Here’s how Broadway actors do insanely fast costume changes

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47 seconds seems really slow, it feels like they can do it in 10.

Pffffft. I can do a costume change in 1.


It’s interesting that the first costume has 4 separate skirt-pieces, clearly slowing down the turn-around, while the second is one convenient, fast-zip piece of textile engineering, with no less flounce & swoosh. I wonder why?

God Bless Dressers (that’s what they call the people helping her). And if you want to see the results of phenomenal fast changes sometime - far faster than this one - check out a production of one of the Greater Tuna series of plays. It has actors not only changing costumes but gender as well. And these plays are wickedly funny as well.

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It’s worth considering that this is a medley for the Tony awards. Chances are that in the full show, she has time to change out of the first dress before going back on, whereas the second dress might already be designed for a quick change when in the context of the show.


True that, and I guess these things run expensive enough that you don’t just casually order up a higher-speed duplicate just for some medley.

You’re not wrong. Wicked’s more elaborate costumes run in the thousands of dollars per garment and just about each actor coming into the show has a tailor made set of costumes.

I’m wondering why the dressers are holding the flashlights in their mouths (they seem to be on lanyards round their necks) rather than wearing headlamps.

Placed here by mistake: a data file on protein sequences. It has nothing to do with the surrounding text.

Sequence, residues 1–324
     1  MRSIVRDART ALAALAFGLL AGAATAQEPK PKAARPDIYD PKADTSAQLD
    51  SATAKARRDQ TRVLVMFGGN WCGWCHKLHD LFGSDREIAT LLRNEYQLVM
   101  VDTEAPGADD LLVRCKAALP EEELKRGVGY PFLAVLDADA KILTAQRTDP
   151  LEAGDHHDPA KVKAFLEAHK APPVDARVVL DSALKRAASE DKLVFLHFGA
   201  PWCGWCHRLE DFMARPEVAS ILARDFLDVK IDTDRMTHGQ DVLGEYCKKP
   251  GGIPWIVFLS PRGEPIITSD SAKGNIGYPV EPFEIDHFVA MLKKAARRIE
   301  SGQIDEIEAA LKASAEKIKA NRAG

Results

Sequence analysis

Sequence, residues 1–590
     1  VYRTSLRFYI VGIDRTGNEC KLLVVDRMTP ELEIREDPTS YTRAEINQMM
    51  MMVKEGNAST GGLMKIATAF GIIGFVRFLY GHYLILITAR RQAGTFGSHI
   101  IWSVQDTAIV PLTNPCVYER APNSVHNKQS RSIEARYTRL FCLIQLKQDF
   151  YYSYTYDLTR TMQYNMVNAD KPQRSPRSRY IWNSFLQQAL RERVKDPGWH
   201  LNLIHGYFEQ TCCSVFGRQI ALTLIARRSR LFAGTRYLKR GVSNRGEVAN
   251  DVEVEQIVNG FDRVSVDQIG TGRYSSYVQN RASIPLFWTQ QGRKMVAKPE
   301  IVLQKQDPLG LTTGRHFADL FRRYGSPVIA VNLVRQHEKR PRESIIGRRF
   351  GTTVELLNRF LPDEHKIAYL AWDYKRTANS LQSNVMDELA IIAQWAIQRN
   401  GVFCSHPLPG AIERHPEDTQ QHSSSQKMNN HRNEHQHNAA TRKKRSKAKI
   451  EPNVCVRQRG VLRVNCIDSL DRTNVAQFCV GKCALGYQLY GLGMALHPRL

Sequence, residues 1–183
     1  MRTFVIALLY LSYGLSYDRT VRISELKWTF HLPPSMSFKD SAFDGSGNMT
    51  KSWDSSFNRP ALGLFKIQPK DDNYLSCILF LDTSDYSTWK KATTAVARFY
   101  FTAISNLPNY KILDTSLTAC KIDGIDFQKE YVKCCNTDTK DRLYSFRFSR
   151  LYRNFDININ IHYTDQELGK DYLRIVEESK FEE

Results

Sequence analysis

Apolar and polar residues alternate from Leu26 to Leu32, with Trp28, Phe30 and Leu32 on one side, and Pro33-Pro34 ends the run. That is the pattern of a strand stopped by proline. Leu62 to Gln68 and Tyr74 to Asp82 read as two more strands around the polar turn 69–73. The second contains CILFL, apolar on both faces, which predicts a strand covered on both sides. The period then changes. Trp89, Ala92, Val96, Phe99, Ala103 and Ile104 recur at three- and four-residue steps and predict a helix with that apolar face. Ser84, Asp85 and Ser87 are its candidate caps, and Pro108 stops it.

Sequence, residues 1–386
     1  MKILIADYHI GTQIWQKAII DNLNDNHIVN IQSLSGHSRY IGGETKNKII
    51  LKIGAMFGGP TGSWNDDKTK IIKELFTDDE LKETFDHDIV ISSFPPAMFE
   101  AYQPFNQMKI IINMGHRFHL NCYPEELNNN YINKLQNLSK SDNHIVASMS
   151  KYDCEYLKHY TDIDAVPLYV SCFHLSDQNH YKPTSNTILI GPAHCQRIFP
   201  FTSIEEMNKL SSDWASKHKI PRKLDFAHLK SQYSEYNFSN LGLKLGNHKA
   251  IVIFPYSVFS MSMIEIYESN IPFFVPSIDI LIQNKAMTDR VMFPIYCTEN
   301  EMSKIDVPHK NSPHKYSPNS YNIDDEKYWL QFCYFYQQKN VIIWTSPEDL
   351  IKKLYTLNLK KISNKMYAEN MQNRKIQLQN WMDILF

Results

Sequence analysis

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Some of the best advice I ever got (from BoingBoing friend Adam Savage, no less):

Calm people live.

This is related- there’s no panic, no worry, nothing but absolute focus on the task at hand. It’s beautiful in the same way that watching someone in a flow state is beautiful.


I work in the business; I’ve never heard it discussed, but it reduces the danger of stray beams of light from the wings during black-outs & dark scenes; at any rate, that’s why I don’t wear mine during shows.


I was expecting something a bit more fascinating than “There are a bunch of people to help her take off one costume and put on the other one”. Some sort of fancy quick-change gimmickry in the costume, for example.

Reminds me of an F1 pit stop crew. The focused calm is really admirable (and necessary).


Markteck, exactly.

If the light is in your mouth you’re waaay less likely to forget it and wander around with it on backstage during blackout scenes.

(used to work in the business)


Take another look at the second dress. Once everything is pulled up to her waist, she spends a solid 7 seconds hooking at least 4 skirts together. The only difference between the two seems to be that the first two skirts on Dress #1 are hooked in the back while all four skirts are hooked in the front on Dress #2.

And that’s why dress rehearsal is so important.

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